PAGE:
Why mediate? What is mediation? Why do it in FINRA arbitration? Simply put, mediation is a voluntary process by which disputing parties agree to negotiate with a professional referee – a neutral mediator – to try to settle a dispute. Settlement means resolving a case before incurring further time, costs, and the risk of losing […]Read More
Current cryptocurrency regulation and cryptocurrency investment regulation can be summed up in one phrase: Regulation by Enforcement. I moderated a great panel presentation this weekend on Cryptocurrency Investments, Supervision and Securities Regulation at PIABA’s mid-year CLE event in Los Angeles on May 5, 2018. We discussed the current state of regulation as well as the […]Read More
Today the North American Securities Administrators Association (NASAA) announced a massive LPL Financial settlement with state securities regulators relating to over a decade of sales of unregistered securities by LPL brokers. Under the terms of the LPL Financial settlement, the firm agreed to repurchase from investors certain securities that were sold to them since October, […]Read More
The news has been full of stories of investment losses. First, it was cryptocurrencies and related investments on a roller coaster ride of valuation. Then, in the last week, the major stock market indices followed… Dow Jones, S&P 500, Nasdaq…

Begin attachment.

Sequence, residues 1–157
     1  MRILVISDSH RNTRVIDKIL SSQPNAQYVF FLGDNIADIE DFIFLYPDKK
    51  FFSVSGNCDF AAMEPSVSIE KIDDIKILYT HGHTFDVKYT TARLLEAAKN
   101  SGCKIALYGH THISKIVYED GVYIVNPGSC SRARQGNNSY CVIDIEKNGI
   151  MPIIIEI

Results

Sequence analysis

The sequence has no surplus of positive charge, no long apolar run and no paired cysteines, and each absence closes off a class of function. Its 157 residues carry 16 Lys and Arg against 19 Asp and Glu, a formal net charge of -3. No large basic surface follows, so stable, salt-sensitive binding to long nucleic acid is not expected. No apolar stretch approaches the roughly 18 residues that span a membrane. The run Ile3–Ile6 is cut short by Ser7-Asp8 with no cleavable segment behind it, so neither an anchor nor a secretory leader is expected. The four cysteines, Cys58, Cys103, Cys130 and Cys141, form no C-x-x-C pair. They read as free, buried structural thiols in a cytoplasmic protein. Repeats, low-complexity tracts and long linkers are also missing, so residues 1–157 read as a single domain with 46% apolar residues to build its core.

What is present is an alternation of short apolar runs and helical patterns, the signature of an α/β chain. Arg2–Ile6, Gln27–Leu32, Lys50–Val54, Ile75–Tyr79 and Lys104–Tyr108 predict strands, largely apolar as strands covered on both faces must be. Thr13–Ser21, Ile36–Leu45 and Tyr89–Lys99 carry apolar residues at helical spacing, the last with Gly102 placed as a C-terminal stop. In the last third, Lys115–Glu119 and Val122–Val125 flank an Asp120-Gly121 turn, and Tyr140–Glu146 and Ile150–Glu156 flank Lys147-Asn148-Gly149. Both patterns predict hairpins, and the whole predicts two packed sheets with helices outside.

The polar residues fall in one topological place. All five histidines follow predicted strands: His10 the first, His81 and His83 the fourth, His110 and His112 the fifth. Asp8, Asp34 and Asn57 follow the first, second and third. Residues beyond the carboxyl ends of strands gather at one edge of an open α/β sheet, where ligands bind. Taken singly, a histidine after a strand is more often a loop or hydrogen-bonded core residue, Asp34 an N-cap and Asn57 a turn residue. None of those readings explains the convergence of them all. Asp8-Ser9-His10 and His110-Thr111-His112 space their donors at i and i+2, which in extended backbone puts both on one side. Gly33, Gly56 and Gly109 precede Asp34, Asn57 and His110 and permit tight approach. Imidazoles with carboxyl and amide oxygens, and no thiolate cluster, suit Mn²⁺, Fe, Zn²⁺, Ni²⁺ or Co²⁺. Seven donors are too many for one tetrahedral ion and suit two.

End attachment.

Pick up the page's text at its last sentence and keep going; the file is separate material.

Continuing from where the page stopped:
What is a Main Street investor to do?
As a securities attorney representing investors in disputes with the financial industry, down markets mean my phone starts ringing. Investors start to look closely at their portfolios.
Some find surprises. Potential claims against their financial advisor to recover investment losses.Read More
Ten Red Flags of Investment Fraud We’ve updated our list of ten red flags that investors should be aware of: danger signs that point to potential mismanagement of an account or investment fraud by a financial advisor. These red flags are useful as you evaluate your own investments, review the investments of an elderly relative, […]Read More
On February 5, 2018, a new FINRA rule geared towards preventing financial exploitation of seniors – also called elder financial abuse – goes into effect. This is new Rule 2165, which creates a limited safe harbor for brokers to put a temporary hold on certain disbursement requests from a brokerage account.
The rule “permits members to place temporary holds on disbursements of funds or securities from the accounts of specified customers where there is a reasonable belief of financial exploitation of these customers.” The new rule also amends existing FINRA Rule 4512, to require members to take reasonable efforts to have the customer identify the name of a trusted contact person as part of gathering customer account information. The broker may contact that person if there is a suspicious request for a disbursement of funds. The broker may also contact that person to confirm the customer’s contact information, health status, or identify of any legal guardian, executor, trustee, or holder of a power of attorney.Read More
This past Thursday, the same day I posted about a recent FINRA Investor Alert regarding cryptocurrency, there was a new press release from the North American Securities Administrators Association (NASAA) with further guidance on the same topic. NASAA’s analysis and warning amounts to this: Initial Coin Offerings (“ICOs”), and all other investment products related to cryptocurrency or the blockchain, pose a threat to investors.